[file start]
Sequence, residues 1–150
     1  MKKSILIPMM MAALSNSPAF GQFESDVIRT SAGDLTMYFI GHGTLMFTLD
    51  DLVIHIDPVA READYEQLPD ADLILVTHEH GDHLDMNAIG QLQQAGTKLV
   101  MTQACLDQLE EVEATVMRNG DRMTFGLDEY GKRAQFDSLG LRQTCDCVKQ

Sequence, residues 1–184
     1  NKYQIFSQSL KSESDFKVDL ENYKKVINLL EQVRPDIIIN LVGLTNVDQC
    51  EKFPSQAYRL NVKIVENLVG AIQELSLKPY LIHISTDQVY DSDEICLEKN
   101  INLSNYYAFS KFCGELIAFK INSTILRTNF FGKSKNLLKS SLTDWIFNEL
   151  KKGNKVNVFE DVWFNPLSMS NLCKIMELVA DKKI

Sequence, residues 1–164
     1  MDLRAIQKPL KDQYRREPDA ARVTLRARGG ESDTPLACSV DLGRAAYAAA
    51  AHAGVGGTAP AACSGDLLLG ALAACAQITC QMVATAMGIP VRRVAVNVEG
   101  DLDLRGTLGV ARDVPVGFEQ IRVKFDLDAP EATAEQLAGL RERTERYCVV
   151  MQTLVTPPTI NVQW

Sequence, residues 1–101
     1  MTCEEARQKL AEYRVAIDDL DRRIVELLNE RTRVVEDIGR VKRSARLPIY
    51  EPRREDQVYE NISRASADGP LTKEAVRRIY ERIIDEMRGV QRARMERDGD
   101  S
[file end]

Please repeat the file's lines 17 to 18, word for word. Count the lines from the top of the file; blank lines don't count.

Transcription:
    51  EPRREDQVYE NISRASADGP LTKEAVRRIY ERIIDEMRGV QRARMERDGD
   101  S